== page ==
The next tactic is better in the towns, involving the use of your stabiliser. Travel in the areas where the enemies are most likely to appear while looking around. If you see an enemy, move out of cover at about 10 km/h (the stabiliser will only work if the tank is slower than 11 km/h), quickly aim and shoot while keeping the tank moving. For the enemy it is very hard to keep his guns on you if you are moving, but for you, with the gun being stabilised, it is pretty much as accurate as firing stationary, making targeting the enemy much easier than vice-versa. The stabiliser will also surprise you in a close-quarter encounter as you will be ready to fire first while the enemy is still waiting for his gun to stop wobbling.
Pros and cons
- Good top speed
- Impressive 15 degrees gun depression
- Good penetration and damage
- Great rate of fire
- Has a stabiliser
- Armour is slightly better than the previous Chi-Ha
- Small profile
- Weak armour
- Sluggish in a turn
- Shells drop a lot at long distances
PLA's first tank
The Chi-ha Kai was the first tank ever used by the Chinese PLA (People's Liberation Army), alongside with many other captured Japanese tanks. These Chi-ha tanks significantly assisted the PLA in attacking the KMT (Chinese Nationalist party), with the most famous battle being the Battle of Jinzhou involving the Gongchen tank.
Other than the Gongchen tank, lots of other Chi-ha Kai tanks were also used extensively by the PLA and the KMT, based on the photos of the victory parade in 1949.
In September 1945, the Chinese Communist forces discovered two Chi-ha tanks abandoned by the Japanese in Shenyang. There were some captured Japanese engineers among them. While the Chinese were trying to drive these tanks back to their area, the Japanese engineers eventually rebelled and sabotaged one of the Chi-ha tanks, leaving the Chinese with only one left, designated "102", which would later become the Gongchen tank.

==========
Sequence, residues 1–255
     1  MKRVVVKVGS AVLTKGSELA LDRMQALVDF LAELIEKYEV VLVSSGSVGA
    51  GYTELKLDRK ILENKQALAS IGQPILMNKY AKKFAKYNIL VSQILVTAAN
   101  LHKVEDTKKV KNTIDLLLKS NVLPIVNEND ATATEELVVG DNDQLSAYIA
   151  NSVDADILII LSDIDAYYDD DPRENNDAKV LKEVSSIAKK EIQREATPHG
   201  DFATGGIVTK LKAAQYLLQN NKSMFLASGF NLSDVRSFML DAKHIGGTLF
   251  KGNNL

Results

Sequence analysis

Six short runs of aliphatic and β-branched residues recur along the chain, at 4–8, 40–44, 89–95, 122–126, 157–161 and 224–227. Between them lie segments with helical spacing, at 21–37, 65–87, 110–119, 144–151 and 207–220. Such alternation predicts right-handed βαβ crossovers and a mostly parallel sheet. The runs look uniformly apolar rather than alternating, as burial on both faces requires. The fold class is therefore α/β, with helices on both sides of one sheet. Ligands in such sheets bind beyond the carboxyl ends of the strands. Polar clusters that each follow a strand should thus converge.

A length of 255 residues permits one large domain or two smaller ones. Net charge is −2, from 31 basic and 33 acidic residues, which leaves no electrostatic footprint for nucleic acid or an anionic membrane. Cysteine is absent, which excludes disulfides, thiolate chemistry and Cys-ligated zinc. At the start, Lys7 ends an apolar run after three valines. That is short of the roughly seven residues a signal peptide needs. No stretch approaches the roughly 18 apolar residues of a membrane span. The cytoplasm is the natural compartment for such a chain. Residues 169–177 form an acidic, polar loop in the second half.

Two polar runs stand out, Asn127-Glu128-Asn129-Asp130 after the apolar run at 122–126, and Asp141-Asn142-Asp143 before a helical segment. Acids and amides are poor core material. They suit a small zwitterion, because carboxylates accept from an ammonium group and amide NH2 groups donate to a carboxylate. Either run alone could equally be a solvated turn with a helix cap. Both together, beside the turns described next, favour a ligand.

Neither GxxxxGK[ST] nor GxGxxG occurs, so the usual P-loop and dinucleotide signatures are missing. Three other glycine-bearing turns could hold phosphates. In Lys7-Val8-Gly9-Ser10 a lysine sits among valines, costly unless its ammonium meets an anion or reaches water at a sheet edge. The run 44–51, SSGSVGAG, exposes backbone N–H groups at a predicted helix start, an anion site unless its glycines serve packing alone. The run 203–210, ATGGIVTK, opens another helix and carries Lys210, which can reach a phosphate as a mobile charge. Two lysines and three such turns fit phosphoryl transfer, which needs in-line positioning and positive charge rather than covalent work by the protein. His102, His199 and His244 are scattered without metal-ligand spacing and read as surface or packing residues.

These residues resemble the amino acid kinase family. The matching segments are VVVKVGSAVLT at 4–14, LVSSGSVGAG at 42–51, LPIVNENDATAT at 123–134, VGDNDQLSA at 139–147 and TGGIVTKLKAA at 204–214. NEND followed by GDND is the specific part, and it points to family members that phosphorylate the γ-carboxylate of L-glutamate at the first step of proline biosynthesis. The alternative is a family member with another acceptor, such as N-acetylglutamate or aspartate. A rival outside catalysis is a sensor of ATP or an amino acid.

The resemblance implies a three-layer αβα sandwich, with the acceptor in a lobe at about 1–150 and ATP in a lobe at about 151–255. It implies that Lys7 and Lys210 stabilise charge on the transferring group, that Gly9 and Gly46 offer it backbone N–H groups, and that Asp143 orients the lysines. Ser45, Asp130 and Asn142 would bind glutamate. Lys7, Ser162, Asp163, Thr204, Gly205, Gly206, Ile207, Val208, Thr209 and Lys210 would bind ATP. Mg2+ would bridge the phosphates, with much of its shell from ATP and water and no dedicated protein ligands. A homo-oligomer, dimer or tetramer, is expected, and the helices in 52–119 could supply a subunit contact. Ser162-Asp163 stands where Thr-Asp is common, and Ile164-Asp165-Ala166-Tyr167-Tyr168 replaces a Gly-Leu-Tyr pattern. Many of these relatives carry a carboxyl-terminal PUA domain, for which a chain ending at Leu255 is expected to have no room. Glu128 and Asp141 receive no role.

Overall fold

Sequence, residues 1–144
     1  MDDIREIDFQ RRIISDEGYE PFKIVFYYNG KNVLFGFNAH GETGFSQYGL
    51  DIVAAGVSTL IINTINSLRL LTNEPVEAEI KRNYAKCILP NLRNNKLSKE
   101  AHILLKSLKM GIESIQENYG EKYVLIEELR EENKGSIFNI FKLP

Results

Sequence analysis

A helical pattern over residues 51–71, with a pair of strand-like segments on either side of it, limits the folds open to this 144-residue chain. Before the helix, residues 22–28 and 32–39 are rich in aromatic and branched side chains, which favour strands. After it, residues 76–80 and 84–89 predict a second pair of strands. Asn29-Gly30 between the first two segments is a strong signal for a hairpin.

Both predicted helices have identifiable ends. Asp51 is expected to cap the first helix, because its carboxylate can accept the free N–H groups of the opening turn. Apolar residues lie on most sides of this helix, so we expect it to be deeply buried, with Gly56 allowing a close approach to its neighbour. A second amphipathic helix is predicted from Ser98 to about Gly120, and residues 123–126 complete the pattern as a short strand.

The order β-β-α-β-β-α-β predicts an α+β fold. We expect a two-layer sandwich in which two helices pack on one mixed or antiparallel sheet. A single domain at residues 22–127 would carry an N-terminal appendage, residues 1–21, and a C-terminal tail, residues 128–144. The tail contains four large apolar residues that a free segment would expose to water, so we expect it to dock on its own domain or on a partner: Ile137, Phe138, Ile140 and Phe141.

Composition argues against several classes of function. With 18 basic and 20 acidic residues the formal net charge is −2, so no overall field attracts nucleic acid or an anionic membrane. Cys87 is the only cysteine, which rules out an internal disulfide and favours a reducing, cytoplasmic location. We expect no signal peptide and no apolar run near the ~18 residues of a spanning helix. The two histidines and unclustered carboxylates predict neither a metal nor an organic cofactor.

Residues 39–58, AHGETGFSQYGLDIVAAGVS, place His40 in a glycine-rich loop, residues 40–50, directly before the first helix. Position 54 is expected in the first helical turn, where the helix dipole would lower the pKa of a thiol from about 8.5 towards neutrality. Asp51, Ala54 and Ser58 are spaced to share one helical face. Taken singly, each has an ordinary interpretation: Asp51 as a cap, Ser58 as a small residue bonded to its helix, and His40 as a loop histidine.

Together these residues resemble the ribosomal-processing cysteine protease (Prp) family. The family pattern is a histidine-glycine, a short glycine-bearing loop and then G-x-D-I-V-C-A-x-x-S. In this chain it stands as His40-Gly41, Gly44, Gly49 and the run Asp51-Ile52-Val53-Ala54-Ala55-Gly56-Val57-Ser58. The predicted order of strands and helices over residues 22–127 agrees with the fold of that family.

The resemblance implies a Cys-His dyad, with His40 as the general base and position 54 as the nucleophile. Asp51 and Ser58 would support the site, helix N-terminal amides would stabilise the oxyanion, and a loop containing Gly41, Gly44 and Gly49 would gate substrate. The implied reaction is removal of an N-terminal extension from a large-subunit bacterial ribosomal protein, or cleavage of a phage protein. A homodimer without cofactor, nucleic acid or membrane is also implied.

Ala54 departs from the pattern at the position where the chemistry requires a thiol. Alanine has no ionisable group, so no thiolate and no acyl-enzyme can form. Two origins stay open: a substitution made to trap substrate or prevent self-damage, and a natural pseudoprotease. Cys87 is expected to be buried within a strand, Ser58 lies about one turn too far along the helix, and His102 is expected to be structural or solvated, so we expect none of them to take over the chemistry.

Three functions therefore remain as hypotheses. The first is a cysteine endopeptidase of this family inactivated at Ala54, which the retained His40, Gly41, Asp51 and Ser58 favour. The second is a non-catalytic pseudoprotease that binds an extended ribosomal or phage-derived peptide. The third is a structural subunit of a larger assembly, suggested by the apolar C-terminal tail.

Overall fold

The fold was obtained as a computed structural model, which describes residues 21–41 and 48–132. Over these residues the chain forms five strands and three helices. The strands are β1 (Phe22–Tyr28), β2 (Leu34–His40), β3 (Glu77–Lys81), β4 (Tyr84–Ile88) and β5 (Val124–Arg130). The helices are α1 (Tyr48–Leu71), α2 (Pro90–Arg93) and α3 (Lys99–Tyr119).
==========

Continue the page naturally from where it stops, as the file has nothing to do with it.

Soon after the tank was safe, the Northeast Special Tank Brigade was established with 30 soldiers and the "102" Chi-ha as the only tank. The soldiers called it the "Old man tank" since the model was old but still sturdy, respectable and it trained many tank drivers.
In October 1948, the battle of Jinzhou began. The Chinese had the "102" Chi-ha at the back of its line to bring up the rear. The heavy fire from the KMT blocked the Communist forces from advancing, and several of its tanks were also damaged early in the battle. The "102" Chi-ha changed its direction to avoid the KMT fire, crossed the trenches, ran over the barbed wires in front of it and led a charge with the infantries to the KMT's front line. It destroyed several of the KMT's fortresses to clear the way for more infantries. During the battle the tank did get damaged and could no longer drive. Under dangerous KMT fire, the driver Dong Laifu got out and repaired the tank in a hurry so it was again operational. Gradually the "102" Chi-ha went from staying at the back to being the leading tank, always the first to charge the KMT's positions.
After the battle, the "102" Chi-ha was renamed "Gongchen tank" (功臣號, meaning "Heroic tank") for its excellent performance in the battle. It also honorably led the victory parade at Tiananmen Square on 1st October 1949. Retired in 1959, the tank is now displayed in the Military Museum of the Chinese People's Revolution in Beijing.
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|China light tanks|
|ZBD86 · Type 62 · Type 63-I|
|American||␗M8 LAC · ␗M3A3 Stuart · ␗M5A1 · ␗M24|
|Soviet||␗T-26 · T-26 No.531 · ␗PT-76|